ed 2, by Joseph W. Burnett and Harry M. Robinson, Jr, 314 pp, $38, New York, Yorke Medical Books, 1980.
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Clinical Dermatology for Students and Practitioners is a revision of an original text by the senior author and Raymond C. V. Robinson that was published in 1959. The authors state that this book is intended to be used by medical students and primary care physicians. It is divided into two parts. Part 1 considers general principles and part 2, morphologic dermatology.
The chapters of part 1 cover, in generally appropriate detail, the broad areas of anatomy, physiology, causative considerations, and diagnostic and laboratory techniques, as well as specific discussions of allergy, occupational dermatoses, sexually transmitted diseases, and psychosomatic medicine. A brief general outline of the principles of therapy completes the section. Part 2 begins with discussions of regional and morphologic differential diagnosis that are followed by chapters listing diseases in encyclopedic format, grouped first according to the character of primary lesions and subsequently by regions of involvement. The book concludes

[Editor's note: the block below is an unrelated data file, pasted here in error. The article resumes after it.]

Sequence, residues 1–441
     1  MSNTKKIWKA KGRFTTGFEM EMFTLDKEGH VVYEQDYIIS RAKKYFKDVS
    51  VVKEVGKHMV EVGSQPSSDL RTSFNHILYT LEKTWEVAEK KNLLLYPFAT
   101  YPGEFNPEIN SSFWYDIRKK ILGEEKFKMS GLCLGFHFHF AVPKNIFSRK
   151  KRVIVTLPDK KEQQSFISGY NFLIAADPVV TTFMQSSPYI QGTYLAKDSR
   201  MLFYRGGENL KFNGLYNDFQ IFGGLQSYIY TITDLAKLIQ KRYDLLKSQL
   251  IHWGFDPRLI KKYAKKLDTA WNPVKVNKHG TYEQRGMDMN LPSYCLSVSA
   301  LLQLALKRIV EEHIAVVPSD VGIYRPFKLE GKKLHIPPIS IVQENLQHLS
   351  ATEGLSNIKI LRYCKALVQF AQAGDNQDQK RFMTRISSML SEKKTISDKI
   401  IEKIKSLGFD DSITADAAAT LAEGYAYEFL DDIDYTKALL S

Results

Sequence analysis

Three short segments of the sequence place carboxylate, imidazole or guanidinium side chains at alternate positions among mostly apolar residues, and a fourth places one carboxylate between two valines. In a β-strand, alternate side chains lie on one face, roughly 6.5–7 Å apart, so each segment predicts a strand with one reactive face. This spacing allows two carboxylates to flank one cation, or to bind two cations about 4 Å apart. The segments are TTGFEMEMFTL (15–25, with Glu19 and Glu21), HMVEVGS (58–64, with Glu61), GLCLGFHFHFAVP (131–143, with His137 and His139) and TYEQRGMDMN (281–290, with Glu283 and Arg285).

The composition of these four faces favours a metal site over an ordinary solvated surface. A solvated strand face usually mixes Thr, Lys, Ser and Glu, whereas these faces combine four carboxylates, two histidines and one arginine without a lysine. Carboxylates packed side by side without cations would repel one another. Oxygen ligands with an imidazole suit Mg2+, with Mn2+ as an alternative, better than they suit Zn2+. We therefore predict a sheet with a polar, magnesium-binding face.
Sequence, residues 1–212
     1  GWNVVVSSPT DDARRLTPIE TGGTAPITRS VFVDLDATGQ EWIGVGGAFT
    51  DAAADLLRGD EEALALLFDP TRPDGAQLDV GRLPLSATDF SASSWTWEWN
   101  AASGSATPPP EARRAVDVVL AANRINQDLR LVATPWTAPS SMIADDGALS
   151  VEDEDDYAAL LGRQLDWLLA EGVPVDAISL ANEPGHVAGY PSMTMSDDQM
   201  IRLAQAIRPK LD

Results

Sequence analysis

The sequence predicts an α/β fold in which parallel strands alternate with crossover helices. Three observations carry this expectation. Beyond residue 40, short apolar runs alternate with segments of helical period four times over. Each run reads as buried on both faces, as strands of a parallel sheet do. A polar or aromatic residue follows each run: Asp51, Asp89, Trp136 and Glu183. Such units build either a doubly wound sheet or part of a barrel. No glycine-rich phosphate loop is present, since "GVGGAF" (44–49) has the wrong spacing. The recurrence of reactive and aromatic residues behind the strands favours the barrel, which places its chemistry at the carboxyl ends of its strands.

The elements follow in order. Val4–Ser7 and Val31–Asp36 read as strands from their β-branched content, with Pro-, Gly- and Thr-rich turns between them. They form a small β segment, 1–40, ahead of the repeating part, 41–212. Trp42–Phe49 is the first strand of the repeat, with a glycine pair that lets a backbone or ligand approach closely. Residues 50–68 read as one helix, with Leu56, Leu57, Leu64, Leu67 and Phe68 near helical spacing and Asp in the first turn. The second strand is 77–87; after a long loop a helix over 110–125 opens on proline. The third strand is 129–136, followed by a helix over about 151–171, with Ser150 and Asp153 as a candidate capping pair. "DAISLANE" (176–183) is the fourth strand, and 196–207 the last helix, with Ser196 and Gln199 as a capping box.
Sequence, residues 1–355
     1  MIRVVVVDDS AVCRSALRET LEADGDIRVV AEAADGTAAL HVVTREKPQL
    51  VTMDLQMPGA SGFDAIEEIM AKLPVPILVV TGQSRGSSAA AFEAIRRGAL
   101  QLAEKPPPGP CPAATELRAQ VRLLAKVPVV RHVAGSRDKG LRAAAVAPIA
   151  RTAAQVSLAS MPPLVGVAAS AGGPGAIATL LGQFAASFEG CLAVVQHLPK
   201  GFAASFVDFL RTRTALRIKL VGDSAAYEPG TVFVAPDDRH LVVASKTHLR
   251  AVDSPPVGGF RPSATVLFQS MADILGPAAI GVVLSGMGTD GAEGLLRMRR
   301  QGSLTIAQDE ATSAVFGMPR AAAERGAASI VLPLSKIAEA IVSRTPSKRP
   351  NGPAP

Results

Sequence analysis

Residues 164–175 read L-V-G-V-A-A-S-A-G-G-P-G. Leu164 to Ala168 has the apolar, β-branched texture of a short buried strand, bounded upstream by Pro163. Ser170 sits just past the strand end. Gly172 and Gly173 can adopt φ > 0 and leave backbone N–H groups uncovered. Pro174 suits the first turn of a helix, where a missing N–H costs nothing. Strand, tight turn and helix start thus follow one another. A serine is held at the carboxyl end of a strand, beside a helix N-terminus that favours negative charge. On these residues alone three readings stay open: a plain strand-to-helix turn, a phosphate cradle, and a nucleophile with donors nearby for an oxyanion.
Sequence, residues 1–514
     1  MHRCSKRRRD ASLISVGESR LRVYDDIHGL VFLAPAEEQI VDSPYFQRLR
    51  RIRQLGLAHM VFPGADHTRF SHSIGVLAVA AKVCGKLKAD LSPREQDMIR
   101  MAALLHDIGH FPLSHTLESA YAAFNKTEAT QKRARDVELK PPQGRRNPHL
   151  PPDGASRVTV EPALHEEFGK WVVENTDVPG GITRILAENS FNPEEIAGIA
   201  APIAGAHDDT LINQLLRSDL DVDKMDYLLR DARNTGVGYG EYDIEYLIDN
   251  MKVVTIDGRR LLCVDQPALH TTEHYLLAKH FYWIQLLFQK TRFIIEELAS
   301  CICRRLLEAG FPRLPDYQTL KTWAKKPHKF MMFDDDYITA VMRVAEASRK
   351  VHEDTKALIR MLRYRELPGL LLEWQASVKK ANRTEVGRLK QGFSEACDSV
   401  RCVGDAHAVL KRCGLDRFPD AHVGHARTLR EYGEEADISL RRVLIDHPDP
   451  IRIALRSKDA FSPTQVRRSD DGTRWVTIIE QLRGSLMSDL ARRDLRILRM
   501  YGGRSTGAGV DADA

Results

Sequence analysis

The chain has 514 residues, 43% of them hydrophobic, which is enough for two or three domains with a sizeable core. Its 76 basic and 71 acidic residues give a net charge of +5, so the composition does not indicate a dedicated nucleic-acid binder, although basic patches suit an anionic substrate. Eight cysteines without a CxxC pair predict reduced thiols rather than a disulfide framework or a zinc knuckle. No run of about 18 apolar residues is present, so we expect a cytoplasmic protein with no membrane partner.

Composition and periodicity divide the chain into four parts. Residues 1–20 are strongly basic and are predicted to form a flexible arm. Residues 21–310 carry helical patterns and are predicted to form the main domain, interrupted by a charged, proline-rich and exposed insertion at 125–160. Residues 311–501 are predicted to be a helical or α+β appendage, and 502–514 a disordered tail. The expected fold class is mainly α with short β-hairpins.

Epinette WW. Clinical Dermatology for Students and Practitioners. Arch Dermatol. 1981;117(11):755. doi:10.1001/archderm.1981.01650110077030